25 April 2013

LIKE 45: Strictly Open

LIKE (London Information and Knowledge Exchange) always has interesting talks so my simple rule of thumb is to go to all that I can get to and not to worry too much what the actual subject.

And that's how I found myself at a talk on open data in academic research, which I found interesting.

We had three guides to take us through the topic, Ross Mounce of the Open Knowledge Foundation, Velichka Dimitrova, OpenEconomics coordinator, and John Murtagh a Project Officer whoo is Training in Data Management at the University of East London. Together they gave us a broad and consistent view of the subject.

As always I struggled to mix paying attention with taking notes and tweeting, so what follows is somewhat chaotic and I've applied some post-event clean-ups and analysis to try and make sense of it all. The mistakes are mine, not the speakers'.

Publishers have a monopoly on the academic papers they publish, irrespective of academics' wishes.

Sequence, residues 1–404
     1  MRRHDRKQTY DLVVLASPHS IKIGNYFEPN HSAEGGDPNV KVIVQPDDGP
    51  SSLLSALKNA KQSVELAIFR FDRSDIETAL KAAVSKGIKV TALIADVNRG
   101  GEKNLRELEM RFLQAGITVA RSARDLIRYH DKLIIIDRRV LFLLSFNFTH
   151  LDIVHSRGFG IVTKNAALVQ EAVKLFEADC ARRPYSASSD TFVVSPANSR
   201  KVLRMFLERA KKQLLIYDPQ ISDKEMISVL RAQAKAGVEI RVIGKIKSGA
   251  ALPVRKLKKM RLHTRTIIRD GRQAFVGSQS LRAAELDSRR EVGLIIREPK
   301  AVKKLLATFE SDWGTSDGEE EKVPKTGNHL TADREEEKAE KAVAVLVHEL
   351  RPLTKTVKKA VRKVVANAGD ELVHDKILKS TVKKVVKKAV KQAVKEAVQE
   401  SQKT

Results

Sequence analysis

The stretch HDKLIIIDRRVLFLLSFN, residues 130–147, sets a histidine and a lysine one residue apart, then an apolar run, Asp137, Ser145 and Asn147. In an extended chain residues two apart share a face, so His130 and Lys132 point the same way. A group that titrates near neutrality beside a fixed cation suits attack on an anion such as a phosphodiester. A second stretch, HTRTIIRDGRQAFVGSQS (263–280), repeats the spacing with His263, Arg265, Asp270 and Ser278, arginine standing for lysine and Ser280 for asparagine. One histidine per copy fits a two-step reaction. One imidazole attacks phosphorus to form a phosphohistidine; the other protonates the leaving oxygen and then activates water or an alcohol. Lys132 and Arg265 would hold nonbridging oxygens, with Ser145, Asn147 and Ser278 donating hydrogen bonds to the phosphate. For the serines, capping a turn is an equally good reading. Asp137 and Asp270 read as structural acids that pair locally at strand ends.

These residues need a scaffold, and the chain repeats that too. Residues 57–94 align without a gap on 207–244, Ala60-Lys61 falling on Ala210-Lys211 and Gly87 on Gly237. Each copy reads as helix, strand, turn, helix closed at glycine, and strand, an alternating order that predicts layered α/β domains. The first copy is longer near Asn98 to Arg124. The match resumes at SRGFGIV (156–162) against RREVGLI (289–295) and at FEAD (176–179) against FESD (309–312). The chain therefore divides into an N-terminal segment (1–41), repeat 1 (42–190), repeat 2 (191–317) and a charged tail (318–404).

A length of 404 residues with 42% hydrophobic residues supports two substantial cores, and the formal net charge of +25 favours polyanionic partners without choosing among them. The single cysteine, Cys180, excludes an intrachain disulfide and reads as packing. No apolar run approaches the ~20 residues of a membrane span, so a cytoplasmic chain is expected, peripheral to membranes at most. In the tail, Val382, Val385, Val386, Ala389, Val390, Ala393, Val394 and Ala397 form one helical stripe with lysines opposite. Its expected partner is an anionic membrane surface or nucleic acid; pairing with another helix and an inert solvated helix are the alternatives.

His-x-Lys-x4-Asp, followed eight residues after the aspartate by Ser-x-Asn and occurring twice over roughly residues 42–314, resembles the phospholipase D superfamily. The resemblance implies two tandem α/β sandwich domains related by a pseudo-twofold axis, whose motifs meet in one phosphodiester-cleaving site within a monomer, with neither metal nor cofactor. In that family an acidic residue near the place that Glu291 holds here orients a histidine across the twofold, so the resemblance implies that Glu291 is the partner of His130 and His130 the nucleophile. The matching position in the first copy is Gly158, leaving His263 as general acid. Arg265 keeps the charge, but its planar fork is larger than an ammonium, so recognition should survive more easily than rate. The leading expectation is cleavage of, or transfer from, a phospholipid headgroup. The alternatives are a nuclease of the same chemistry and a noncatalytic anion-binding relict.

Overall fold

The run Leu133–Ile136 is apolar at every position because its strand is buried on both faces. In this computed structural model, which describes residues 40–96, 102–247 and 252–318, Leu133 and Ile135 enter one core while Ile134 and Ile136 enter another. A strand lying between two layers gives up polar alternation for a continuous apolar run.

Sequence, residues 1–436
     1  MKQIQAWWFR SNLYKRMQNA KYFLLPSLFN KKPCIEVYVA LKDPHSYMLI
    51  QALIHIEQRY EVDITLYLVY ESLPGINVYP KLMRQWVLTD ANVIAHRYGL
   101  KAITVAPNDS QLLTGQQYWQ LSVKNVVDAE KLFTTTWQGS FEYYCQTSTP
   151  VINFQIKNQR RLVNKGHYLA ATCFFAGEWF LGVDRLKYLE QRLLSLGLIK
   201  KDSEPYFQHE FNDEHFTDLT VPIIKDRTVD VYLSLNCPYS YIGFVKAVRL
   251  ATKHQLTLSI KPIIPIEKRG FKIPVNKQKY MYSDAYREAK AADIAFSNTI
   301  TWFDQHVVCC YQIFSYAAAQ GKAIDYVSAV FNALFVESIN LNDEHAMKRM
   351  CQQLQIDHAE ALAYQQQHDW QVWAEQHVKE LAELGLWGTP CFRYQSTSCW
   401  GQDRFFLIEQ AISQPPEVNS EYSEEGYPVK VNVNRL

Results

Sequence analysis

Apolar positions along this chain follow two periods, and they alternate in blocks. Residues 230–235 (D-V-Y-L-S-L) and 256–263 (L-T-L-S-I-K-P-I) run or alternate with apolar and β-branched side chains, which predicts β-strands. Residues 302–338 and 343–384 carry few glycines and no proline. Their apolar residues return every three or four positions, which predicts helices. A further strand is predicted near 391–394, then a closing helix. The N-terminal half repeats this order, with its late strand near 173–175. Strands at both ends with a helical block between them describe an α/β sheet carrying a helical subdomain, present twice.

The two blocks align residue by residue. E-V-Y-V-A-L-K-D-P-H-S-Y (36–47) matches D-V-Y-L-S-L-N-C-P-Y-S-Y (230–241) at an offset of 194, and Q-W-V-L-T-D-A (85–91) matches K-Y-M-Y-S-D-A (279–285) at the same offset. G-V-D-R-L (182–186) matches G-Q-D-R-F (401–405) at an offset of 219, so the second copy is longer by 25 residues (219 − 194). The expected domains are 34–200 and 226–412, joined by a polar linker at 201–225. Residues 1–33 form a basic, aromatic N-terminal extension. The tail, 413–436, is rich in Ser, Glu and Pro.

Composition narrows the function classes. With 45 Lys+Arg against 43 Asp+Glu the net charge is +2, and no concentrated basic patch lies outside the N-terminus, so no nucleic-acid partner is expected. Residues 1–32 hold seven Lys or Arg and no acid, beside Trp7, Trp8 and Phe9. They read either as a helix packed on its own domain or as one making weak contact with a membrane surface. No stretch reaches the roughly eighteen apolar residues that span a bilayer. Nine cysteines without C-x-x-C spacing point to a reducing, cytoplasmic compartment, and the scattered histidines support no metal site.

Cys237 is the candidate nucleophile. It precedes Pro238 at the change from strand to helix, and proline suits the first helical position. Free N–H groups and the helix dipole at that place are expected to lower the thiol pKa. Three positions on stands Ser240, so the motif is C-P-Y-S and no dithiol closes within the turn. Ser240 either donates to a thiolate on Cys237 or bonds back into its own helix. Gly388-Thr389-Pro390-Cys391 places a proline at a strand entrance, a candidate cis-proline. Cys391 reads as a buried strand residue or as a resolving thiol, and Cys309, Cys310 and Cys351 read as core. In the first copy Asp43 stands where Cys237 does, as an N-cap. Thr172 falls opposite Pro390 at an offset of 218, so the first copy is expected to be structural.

Academic material is non substitutable, there is only one source.

Research literature has a wider use beyond academia but they have no access to it. This is a block on further research and, hence, progress.

A lot of research is publicly funded but then hidden behind pay walls. Downloaded PDFs are not allowed to be mined electronically.

There is a basic conflict of interest at the heart of this debate; profit (for publishers etc.) v shared knowledge leading to new discoveries. Open Data helps us to stand on the shoulder of giants.

Need to share research data to understand/challenge the research, hence the new topic of Research Data Management.

Access to the data is required but it must also be controlled, i.e. used properly.

Need access to the publish data alongside the article that comes to conclusions from it. The data and data collection are separately citable. The data may even be more valuable than the report summarising it and the collection of data is a skill in its own right.

Data are information, and librarians know how to manage information.

My summary of the summary is that we have been used to KM being at the top of a Data > Information > Knowledge pyramid and that means that the importance of Data has sometimes been overlooked.

After the talks LIKE does what it always does and the conversations continued over food and drinks as the social element of the evening came to the fore.

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